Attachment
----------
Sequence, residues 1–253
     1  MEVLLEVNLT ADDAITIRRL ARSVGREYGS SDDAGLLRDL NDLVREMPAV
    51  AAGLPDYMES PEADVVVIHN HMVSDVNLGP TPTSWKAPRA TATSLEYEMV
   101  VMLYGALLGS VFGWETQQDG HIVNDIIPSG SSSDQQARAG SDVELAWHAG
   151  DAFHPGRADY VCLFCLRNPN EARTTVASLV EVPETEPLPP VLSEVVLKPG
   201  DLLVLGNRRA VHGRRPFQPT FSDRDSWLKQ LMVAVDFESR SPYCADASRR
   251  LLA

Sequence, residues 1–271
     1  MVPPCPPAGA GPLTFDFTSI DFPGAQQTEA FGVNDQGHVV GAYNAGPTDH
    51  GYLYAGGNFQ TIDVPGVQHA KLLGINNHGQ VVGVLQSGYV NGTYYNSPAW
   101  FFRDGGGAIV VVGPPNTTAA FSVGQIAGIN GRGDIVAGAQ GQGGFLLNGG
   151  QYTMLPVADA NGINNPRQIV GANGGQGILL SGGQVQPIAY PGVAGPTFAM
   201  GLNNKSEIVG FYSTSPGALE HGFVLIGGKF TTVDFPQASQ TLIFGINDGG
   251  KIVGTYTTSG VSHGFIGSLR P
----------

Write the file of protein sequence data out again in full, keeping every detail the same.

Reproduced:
Sequence, residues 1–253
     1  MEVLLEVNLT ADDAITIRRL ARSVGREYGS SDDAGLLRDL NDLVREMPAV
    51  AAGLPDYMES PEADVVVIHN HMVSDVNLGP TPTSWKAPRA TATSLEYEMV
   101  VMLYGALLGS VFGWETQQDG HIVNDIIPSG SSSDQQARAG SDVELAWHAG
   151  DAFHPGRADY VCLFCLRNPN EARTTVASLV EVPETEPLPP VLSEVVLKPG
   201  DLLVLGNRRA VHGRRPFQPT FSDRDSWLKQ LMVAVDFESR SPYCADASRR
   251  LLA

Sequence, residues 1–271
     1  MVPPCPPAGA GPLTFDFTSI DFPGAQQTEA FGVNDQGHVV GAYNAGPTDH
    51  GYLYAGGNFQ TIDVPGVQHA KLLGINNHGQ VVGVLQSGYV NGTYYNSPAW
   101  FFRDGGGAIV VVGPPNTTAA FSVGQIAGIN GRGDIVAGAQ GQGGFLLNGG
   151  QYTMLPVADA NGINNPRQIV GANGGQGILL SGGQVQPIAY PGVAGPTFAM
   201  GLNNKSEIVG FYSTSPGALE HGFVLIGGKF TTVDFPQASQ TLIFGINDGG
   251  KIVGTYTTSG VSHGFIGSLR P